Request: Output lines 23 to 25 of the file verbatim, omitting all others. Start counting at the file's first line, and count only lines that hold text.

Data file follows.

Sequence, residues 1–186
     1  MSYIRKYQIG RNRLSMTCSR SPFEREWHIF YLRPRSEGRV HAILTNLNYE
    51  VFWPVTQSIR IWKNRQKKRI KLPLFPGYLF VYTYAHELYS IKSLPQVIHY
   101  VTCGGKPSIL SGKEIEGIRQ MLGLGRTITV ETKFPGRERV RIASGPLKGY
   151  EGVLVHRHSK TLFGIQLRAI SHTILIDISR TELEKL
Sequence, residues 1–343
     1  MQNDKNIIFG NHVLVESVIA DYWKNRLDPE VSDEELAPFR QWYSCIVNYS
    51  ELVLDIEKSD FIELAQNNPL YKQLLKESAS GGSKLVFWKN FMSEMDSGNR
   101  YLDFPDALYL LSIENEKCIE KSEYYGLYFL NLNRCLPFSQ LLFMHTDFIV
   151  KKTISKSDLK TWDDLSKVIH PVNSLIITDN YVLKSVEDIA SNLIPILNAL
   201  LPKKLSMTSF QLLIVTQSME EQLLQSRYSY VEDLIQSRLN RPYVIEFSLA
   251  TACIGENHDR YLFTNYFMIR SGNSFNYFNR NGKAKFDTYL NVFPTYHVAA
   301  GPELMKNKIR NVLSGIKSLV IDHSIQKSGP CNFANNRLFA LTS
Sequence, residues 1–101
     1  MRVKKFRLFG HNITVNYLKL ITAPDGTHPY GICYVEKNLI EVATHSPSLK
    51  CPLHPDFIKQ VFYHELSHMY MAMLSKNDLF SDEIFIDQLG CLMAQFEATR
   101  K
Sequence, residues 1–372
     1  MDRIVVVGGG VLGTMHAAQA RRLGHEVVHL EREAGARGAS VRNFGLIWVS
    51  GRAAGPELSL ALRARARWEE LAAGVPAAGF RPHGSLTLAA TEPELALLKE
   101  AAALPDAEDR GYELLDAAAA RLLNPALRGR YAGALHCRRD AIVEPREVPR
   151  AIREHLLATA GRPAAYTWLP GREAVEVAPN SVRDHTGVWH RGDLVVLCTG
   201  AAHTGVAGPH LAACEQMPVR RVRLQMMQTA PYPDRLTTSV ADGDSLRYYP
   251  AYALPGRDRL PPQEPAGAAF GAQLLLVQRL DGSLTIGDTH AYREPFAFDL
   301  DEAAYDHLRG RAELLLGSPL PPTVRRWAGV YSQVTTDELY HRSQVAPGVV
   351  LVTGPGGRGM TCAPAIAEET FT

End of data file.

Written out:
   201  AAHTGVAGPH LAACEQMPVR RVRLQMMQTA PYPDRLTTSV ADGDSLRYYP
   251  AYALPGRDRL PPQEPAGAAF GAQLLLVQRL DGSLTIGDTH AYREPFAFDL
   301  DEAAYDHLRG RAELLLGSPL PPTVRRWAGV YSQVTTDELY HRSQVAPGVV